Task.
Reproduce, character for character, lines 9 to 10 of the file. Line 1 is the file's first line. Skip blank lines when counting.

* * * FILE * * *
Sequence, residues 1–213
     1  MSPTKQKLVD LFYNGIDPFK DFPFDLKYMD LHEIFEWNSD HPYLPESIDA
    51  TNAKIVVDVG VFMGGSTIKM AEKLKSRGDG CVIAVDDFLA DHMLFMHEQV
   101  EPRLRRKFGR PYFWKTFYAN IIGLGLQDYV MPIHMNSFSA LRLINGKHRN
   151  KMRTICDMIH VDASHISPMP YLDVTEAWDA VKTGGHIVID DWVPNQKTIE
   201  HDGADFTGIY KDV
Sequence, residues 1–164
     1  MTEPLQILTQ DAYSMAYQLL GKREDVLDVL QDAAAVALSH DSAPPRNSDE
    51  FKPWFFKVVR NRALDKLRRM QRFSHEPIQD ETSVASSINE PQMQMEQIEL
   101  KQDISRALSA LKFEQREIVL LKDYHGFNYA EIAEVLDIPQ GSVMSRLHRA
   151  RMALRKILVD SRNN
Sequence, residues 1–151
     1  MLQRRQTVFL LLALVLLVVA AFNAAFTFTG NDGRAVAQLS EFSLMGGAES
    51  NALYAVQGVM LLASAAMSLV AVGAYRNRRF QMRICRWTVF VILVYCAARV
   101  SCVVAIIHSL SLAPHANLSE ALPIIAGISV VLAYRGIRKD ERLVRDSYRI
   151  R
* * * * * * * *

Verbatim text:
    51  FKPWFFKVVR NRALDKLRRM QRFSHEPIQD ETSVASSINE PQMQMEQIEL
   101  KQDISRALSA LKFEQREIVL LKDYHGFNYA EIAEVLDIPQ GSVMSRLHRA